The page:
FIRST ALERT: South Carolina’s fault lines and earthquake history
MYRTLE BEACH, SC (WMBF) - A recent rash of earthquakes in central South Carolina proves that while large earthquakes are highly uncommon, the Palmetto State does have a geologically active past and is vulnerable to future quakes.
Since late December of 2021, a total of 10 earthquakes have rattled Kershaw County, SC with most of the activity centered near Elgin and Camden. The first quake, a magnitude 3.3, was the largest and felt as far away as Columbia. The following 9 earthquakes have most likely been aftershocks and weaker than the first shake.
According to the South Carolina Emergency Management Division, approximately 10 to 20 earthquakes are recorded each year in South Carolina with only 3 to 5 of them felt or noticed by people.
Unlike more traditionally earthquake prone regions like the West Coast of the U.S, the reason behind earthquakes in South Carolina is a little more unlcear. According to the Department of Natural Resources, “The majority of earthquakes worldwide occur at plate boundaries when plates stick and then jump past each other. These quakes often are the ones that are the most destructive and well understood in terms of plate tectonics. The cause of earthquakes in South Carolina is not so clear. South Carolina’s quakes are located within a plate rather than at a plate boundary. In our state, quakes may occur along ancient plate boundaries where existing faults are reactivated as geological stress is released. Studying these faults is difficult since many of the most previously active faults are buried deep in sediment across the coastal plain.
In South Carolina, approximately 70 percent of the earthquakes occur in the coastal plain and most are clustered around areas west and north of Charleston. This area has the highest concentration of ancient fault lines in the state.
The top 15 most seismically active and vulnerable states in the US are Alaska, Hawaii, California, Oregon, Washington, Nevada, Utah, Idaho, Montana, Wyoming, Missouri, Arkansas, Tennessee, Illinois, and Kentucky. South Carolina comes in at number 16 and has the highest risk of any east coast state. One of the primary reasons South Carolina is vulnerable to damage from earthquakes is through a process called liquefaction - a process in which a saturated sand softens and loses strength due during strong earthquake ground shaking. This can cause severe damage to structures as the ground beneath them becomes highly unstable.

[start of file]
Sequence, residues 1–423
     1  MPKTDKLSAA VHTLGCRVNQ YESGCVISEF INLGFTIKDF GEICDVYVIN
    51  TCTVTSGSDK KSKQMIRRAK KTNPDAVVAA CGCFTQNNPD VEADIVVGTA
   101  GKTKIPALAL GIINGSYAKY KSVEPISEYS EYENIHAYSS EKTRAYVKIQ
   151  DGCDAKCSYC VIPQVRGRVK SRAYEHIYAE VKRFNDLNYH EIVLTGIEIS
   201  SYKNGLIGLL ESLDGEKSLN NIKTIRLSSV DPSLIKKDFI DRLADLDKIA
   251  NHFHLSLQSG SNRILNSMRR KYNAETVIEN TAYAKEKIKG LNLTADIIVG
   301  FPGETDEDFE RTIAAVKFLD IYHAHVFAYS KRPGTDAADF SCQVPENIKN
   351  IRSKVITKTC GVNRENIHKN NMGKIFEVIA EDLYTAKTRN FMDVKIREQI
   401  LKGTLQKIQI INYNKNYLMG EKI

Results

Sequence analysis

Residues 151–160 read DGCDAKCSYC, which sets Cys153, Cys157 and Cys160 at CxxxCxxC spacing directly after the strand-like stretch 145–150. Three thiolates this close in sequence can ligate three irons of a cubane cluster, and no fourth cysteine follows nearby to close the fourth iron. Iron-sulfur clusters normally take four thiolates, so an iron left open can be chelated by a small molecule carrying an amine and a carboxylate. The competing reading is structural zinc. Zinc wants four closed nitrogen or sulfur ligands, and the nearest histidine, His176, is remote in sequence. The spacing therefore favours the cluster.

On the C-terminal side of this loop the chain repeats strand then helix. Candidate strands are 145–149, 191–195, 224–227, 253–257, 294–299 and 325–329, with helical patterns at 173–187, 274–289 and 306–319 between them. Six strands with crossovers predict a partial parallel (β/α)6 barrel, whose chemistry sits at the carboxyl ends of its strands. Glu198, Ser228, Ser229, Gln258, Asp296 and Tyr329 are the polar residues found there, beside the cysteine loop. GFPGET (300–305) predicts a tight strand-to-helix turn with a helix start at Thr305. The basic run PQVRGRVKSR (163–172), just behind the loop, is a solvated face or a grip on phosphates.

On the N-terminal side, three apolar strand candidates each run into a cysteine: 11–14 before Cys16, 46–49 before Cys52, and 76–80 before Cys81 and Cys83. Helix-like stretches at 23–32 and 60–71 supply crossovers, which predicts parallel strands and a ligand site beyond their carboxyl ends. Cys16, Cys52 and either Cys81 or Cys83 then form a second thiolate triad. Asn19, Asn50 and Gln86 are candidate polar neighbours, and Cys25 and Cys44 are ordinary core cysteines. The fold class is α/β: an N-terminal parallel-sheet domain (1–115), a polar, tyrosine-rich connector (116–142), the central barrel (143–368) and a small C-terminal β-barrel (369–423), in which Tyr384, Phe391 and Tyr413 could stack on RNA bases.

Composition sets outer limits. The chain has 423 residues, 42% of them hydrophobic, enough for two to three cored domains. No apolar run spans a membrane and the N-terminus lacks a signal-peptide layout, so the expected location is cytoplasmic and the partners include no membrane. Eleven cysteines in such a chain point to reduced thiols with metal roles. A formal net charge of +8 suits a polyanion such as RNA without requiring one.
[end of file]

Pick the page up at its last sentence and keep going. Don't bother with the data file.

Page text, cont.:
The strongest earthquake on record to hit the eastern U.S. struck near Charleston on the night of August 31st, 1886. The violent tremors went on for a full minute and the quake measured a magnitude 7.6. This quake was the strongest earthquake ever known to hit the Eastern Seaboard, and it shook so violently that it was felt from Cuba to Bermuda to Chicago and Boston. Structural damage was widespread, extending as far as Alabama, Ohio, and West Virginia. Almost all of the buildings in town were seriously damaged. It is estimated that 14,000 chimneys fell in Charleston from the shaking. It caused multiple fires and water lines and wells were ruptured and broken. Railroad tracks were bent in all directions in some locations across the Low Country. Aftershocks continued to rattle the region for months.
Twenty-seven years after the 1886 Charleston earthquake, another strong earthquake occurred in South Carolina. This quake was on the afternoon of January 1, 1913, at 1:28 p.m. near the town of Union in Union County. This quake struck with a magnitude of 5.5. Shaking was felt from the western portion of South Carolina into northern Georgia and North Carolina, and even up into parts of Virginia. Damage was minimal and no deaths resulted.
IS ANOTHER LARGE QUAKE POSSIBLE?
The fact that South Carolina has already seen a large quake in the past means that another large event is likely although when and where is virtually impossible to predict.
In 2001, the South Carolina Emergency Management Division conducted an in depth study on the risk and potential damage from earthquakes in the future. The study modeled a 7.3 earthquake near Charleston similar to the 1886 quake. According to the study, a quake of that magnitude today would result in economic losses due to building damage to be over $14 billion across the state. Widespread power failure, transportation disruption and water system issues would follow.
The study went on the model weaker quakes and the potential impacts.
The study stated that “in the event of a magnitude 6.3 earthquake in Charleston, approximately 136,000 buildings will sustain slight to moderate damage and 25,000 will be extensively damaged. Total building loss including capital stock and income losses will exceed $2 billion.”
When modeling a magnitude 5.3 Charleston earthquake scenario, the report went on to state that “the losses and casualties decrease significantly. Injuries will number less than 100 with no estimated deaths. Total loss to buildings will be about $230 million.”
The study also examined the potential impact of a smaller earthquake near Columbia. If a magnitude 5.0 were to occur in Columbia, “approximately 400 buildings would sustain slight or moderate damage with a total loss of $310 million.”
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